```/* * Tilt estimation using the MPU6050 example code * Jan Swanepoel * 2018 */ #include const uint8_t MPU_addr = 0x68; // I2C address of the MPU-6050 const uint8_t REG_PWR_MGMT_1 = 0x6B; // Power Management Register 1 const uint8_t REG_GYRO_CONFIG = 0x1B; // Gyro scale configuration const uint8_t REG_ACCEL_CONFIG = 0x1C; // Accelerometer scale configuration const uint8_t REG_ACCEL_XOUT_H = 0x3B; // Fisrt byte of the sensor readings // Container for the IMU data struct senseValues { float AcX; // Accelerometer X-axis reading float AcY; // Accelerometer Y-axis reading float AcZ; // Accelerometer Z-axis reading float Tmp; // Temperature reading float GyX; // Gyroscope X-axis reading float GyY; // Gyroscope Y-axis reading float GyZ; // Gyroscope Z-axis reading } MPU_Data; // Reads the contents of a register to the value parameter void ReadRegister(uint8_t address, uint8_t* value, uint8_t len = 1) { Wire.beginTransmission(MPU_addr); Wire.write(address); // Address to start reading from Wire.endTransmission(false); // Transmit bytes and keep connection alive Wire.requestFrom(MPU_addr, len, (uint8_t)true); // Request a total of len registers to be read next for (uint8_t i = 0; i < len; i++) { *value = Wire.read(); value++; } } // Writes a value to the specified register void WriteRegister(uint8_t address, uint8_t value) { Wire.beginTransmission(MPU_addr); // Begin to setup I2C transmission Wire.write(address); // Select register to write to Wire.write(value); // Write value to register Wire.endTransmission(true); // Transmit bytes } // Read all sensor data void ReadSensors() { // Calculate gyro conversion value for deg/sec. and accelerometer for G // Page 31 of Register Map Datasheet. float GyroConversion = 131.0; float AccelConversion = 16384.0; // Each axis is read out as two separate bytes, one upper byte and one // lower. The upper byte is shifted 8 bits to the left and combined with // the lower through a OR operation. Finally the raw value is converted // to an actual reading by dividing with the conversion values. Wire.beginTransmission(MPU_addr); Wire.write(REG_ACCEL_XOUT_H); Wire.endTransmission(false); Wire.requestFrom(MPU_addr, 14, true); MPU_Data.AcX = ((Wire.read()<<8 | Wire.read()) / AccelConversion); MPU_Data.AcY = ((Wire.read()<<8 | Wire.read()) / AccelConversion); MPU_Data.AcZ = ((Wire.read()<<8 | Wire.read()) / AccelConversion); MPU_Data.Tmp = (Wire.read()<<8 | Wire.read()) / 340.00 + 36.53; MPU_Data.GyX = (Wire.read()<<8 | Wire.read()) / GyroConversion; MPU_Data.GyY = (Wire.read()<<8 | Wire.read()) / GyroConversion; MPU_Data.GyZ = (Wire.read()<<8 | Wire.read()) / GyroConversion; } void setup() { // Initialize the I2C library Wire.begin(); // Initialize the serial port Serial.begin(57600); // When the device is powered up it stays in sleep mode. // Wake the device up and enable sensors WriteRegister(REG_PWR_MGMT_1, 0x00); // Configure the gyro full scale range WriteRegister(REG_GYRO_CONFIG, 0x00); // Set to 250 dps scale // Configure the accelerometer full scale range WriteRegister(REG_ACCEL_CONFIG, 0x00); // Set to 2G scale } void loop() { // Read sensor values ReadSensors(); // Print out the measurements to the serial port // Sensor data Serial.print(MPU_Data.AcX); Serial.print(","); Serial.print(MPU_Data.AcY); Serial.print(","); Serial.print(MPU_Data.AcZ); Serial.print(","); Serial.print(MPU_Data.Tmp); Serial.print(","); Serial.print(MPU_Data.GyX); Serial.print(","); Serial.print(MPU_Data.GyY); Serial.print(","); Serial.print(MPU_Data.GyZ); Serial.println(); // Delay before restarting the loop delay(100); }```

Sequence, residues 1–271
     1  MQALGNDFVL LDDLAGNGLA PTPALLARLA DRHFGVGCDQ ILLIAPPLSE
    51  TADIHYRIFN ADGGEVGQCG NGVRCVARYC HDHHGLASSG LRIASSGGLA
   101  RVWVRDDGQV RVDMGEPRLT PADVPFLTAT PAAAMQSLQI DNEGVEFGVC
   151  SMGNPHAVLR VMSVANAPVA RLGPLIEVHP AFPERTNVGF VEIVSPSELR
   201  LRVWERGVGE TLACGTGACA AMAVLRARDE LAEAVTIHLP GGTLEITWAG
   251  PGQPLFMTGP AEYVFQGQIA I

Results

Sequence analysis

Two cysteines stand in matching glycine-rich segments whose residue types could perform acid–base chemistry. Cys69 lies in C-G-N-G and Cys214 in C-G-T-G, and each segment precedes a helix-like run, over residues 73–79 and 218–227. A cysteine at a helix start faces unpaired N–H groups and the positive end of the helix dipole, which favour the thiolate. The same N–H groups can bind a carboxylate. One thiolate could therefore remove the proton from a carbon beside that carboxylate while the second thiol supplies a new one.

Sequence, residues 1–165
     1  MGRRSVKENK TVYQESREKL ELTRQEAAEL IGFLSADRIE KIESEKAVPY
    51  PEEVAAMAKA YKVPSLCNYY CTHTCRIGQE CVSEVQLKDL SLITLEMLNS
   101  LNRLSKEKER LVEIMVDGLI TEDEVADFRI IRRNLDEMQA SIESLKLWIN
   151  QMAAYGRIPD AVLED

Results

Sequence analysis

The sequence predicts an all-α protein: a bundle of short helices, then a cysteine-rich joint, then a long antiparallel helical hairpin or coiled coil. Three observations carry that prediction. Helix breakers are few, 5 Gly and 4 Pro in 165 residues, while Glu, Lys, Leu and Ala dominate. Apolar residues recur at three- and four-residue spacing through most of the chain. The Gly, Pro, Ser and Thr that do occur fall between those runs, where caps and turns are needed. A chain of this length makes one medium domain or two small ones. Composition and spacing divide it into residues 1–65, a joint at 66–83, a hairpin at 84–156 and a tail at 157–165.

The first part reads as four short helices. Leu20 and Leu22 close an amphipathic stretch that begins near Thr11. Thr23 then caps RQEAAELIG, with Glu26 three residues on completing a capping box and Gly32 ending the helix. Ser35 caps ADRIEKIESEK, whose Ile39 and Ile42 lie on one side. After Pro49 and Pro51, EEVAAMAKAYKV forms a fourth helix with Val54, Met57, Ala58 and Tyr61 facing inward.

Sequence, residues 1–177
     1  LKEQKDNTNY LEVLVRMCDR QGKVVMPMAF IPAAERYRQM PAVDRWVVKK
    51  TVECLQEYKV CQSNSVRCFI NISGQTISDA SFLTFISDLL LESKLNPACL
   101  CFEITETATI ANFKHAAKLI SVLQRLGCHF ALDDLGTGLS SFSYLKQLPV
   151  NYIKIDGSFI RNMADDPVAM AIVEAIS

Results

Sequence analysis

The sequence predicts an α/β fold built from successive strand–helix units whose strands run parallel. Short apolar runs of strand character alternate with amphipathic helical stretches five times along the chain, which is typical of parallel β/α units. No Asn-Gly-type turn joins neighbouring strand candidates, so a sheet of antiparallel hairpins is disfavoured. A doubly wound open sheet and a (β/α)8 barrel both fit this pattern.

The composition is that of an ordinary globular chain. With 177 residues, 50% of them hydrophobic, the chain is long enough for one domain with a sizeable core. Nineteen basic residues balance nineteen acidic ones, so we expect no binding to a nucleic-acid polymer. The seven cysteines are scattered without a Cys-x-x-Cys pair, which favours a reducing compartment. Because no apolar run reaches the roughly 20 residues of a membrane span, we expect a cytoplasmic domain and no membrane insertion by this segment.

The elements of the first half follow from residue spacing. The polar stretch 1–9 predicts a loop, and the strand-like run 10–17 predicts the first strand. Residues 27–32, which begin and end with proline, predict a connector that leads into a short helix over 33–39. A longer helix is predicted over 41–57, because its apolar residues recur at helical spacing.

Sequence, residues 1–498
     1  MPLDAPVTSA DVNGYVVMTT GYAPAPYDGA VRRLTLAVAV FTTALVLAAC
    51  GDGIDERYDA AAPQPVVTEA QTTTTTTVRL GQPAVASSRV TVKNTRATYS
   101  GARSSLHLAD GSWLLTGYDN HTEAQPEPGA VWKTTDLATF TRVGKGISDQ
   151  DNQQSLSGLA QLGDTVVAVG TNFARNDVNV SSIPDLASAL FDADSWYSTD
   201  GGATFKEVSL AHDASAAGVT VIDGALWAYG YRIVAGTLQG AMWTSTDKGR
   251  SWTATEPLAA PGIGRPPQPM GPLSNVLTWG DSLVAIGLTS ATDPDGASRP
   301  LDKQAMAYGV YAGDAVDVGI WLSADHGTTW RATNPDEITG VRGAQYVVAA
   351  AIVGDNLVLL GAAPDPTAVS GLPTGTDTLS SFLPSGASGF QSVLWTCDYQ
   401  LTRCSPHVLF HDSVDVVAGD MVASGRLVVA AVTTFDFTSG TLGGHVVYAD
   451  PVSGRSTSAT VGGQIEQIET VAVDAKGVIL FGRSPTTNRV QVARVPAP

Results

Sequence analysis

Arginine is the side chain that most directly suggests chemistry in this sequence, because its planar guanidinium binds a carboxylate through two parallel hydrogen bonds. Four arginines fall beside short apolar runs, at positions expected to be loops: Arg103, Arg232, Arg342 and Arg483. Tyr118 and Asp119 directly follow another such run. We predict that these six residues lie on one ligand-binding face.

I think the code is pretty easy to follow and I have also added extra comments to help. We basically just configure the chip in the setup() function and then regularly poll the registers that contain the latest readings in the loop() function. To keep the readings together a struct was created with an instance called MPU_Data which is updated on each ReadSensors() call. The output from the sensors is then written out to the serial port for us to view them. Using the Serial Monitor from the Arduino IDE we can view the output and should look something like this: The different readings are comma separated and starts with the accelerometer X,Y and Z axis followed by the temperature and then the X,Y and Z gyroscope readings.